more thoughts about stories that may or may not be told

I’m staying away from the whole voice/lies/literature thing that’s been bouncing between burningBird, Jonathan, stavros, etc. (My only contribution directly is to say that maybe Dorothea had something, talking about learning to read too early, and that I was reading at three as well.)

instead, I’m turning towards something that I finally read today which turns around in entirely the other direction: To all the guys I’ve f[*]cked before. I had clicked on it originally, from Joe Clark’s home page, not thinking that he meant it literally. but he did; there is a list, by description rather than name, with the brief story of his interaction with the man in question. wonderful evocative writing that doesn’t shy away from the intimate (and sexual) details. there’s an “explication” at the bottom (linked from the title, but I didn’t notice that at first), which goes into his philosophy of life as a person in the modern world:

But what has not been recognized is that mores have evolved yet further so that the former order is inverted. Young people disclose or discuss things unless they have a fantastically persuasive reason not to, and that standard is considerably higher now that almost nothing is embarrassing or shameful anymore.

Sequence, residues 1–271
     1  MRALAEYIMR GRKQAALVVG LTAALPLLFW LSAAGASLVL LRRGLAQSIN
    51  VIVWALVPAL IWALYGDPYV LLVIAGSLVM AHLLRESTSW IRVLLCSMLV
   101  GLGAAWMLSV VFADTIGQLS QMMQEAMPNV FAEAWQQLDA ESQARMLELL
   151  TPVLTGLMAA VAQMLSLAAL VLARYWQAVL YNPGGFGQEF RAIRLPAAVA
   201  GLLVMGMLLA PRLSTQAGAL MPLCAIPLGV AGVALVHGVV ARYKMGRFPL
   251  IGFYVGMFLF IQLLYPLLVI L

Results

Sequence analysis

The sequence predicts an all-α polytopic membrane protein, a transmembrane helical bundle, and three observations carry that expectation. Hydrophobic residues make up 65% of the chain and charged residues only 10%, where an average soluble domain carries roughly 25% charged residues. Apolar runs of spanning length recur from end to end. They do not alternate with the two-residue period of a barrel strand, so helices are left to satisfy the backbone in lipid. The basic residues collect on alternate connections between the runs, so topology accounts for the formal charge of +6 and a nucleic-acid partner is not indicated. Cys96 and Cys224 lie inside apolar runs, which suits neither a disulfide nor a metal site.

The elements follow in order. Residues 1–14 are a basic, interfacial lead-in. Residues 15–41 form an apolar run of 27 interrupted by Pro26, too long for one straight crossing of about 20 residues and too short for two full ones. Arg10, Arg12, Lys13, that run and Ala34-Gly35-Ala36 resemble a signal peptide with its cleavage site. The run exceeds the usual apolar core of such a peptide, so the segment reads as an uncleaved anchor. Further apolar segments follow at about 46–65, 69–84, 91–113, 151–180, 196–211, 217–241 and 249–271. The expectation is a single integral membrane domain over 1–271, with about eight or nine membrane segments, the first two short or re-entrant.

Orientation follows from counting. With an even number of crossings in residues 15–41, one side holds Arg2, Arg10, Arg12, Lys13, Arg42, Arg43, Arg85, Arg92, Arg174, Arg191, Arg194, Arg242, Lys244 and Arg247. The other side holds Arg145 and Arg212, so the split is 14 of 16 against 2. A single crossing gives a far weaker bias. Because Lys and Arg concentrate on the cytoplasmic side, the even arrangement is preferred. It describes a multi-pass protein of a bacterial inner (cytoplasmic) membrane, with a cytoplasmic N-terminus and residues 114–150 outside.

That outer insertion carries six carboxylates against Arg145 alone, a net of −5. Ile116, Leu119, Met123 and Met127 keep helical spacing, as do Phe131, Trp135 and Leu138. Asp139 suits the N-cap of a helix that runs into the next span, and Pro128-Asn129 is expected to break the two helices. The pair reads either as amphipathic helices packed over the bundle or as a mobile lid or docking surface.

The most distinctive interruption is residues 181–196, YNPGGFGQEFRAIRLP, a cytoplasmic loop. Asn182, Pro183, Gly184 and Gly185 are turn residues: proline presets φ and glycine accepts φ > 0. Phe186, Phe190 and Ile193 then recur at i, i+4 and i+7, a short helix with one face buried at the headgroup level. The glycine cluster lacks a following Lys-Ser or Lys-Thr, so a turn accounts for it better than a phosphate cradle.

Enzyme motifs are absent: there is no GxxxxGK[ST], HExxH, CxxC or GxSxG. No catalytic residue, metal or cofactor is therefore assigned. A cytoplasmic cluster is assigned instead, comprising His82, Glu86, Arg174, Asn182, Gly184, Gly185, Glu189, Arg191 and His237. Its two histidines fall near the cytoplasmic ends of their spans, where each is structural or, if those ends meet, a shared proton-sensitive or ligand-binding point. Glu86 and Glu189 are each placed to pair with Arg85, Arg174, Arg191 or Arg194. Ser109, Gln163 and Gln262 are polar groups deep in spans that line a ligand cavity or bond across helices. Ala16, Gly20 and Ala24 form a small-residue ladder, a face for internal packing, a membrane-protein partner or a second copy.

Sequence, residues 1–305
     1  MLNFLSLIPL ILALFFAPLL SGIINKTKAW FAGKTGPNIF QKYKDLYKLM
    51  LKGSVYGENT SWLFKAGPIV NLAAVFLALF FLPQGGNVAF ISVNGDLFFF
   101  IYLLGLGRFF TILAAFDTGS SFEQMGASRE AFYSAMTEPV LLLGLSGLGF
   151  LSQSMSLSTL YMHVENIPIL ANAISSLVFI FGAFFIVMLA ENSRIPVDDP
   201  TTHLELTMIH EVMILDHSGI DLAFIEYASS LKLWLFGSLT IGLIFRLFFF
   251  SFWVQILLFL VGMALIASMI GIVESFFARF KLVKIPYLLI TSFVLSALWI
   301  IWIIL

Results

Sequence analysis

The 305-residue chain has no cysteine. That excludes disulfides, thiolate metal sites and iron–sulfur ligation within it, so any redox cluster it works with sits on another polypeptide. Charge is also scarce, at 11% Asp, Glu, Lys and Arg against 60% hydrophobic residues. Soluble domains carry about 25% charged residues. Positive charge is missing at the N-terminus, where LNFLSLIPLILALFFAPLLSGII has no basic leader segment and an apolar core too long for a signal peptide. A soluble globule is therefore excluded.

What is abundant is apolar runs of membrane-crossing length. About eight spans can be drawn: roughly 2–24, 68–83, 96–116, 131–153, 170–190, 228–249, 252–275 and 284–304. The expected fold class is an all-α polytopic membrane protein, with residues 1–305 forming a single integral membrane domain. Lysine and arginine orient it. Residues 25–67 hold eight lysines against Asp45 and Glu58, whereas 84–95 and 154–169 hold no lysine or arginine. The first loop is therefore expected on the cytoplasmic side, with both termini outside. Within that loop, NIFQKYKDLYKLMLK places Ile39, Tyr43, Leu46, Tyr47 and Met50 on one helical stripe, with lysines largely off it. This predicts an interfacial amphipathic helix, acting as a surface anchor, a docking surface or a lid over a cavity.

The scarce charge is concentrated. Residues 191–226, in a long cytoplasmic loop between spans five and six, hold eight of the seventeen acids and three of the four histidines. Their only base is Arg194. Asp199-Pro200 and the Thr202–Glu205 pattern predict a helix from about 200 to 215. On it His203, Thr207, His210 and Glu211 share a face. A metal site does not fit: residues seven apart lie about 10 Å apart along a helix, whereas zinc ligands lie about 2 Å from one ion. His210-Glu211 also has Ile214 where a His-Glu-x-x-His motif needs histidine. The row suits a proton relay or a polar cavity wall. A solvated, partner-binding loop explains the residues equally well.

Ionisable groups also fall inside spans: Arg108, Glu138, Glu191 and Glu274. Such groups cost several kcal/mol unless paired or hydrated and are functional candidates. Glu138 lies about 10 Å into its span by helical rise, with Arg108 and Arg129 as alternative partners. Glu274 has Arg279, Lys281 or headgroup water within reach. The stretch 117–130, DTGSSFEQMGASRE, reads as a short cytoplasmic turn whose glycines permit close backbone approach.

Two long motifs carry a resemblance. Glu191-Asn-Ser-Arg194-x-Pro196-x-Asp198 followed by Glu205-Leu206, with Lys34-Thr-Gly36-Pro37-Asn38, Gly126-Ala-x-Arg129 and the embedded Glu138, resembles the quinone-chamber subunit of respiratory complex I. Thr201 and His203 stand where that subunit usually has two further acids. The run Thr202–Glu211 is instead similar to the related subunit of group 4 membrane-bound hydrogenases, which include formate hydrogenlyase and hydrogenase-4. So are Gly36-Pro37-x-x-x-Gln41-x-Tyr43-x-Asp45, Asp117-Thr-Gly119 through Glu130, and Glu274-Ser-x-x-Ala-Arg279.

I find the idea liberating, compelling, and terrifying, in something of that order. I have a story not entirely unlike Joe’s (okay, quite unlike, but not dissimilar, if that makes sense), which I have told, but only in person, to friends. There are details that I think make great story, and people who were fascinating characters. (I’ve even already been thinking about stories of the past that have yet to be told, not all in the vein of Joe’s.) and like Joe, I find I can’t not write, despite my last entry; there are almost always words forming themselves in my head, even if they’re not anything more than a retelling of my day.

on the other hand…I worry about what other people think. I know, it’s old school of me, but I spent most of my “real” life around people who are not part of the generation Joe describes. (that thought, in and of itself, deserves an entry that will never be written.) I admire people like Joe and Mark, but I’ve not yet the trust in either myself or my world to follow them. I am too shy, too self-consious, too closeted about half-a-dozen things that probably aren’t even worth the effort.

I can’t tell you how sad that makes me.